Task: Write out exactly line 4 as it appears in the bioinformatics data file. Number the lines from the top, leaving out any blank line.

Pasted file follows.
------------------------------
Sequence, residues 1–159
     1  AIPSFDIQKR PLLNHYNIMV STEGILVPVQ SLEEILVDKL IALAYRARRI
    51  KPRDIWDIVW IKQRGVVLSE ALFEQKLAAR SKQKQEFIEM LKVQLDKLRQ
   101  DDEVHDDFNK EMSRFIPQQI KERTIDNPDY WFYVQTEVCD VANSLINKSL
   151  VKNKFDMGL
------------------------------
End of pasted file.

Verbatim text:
   101  DDEVHDDFNK EMSRFIPQQI KERTIDNPDY WFYVQTEVCD VANSLINKSL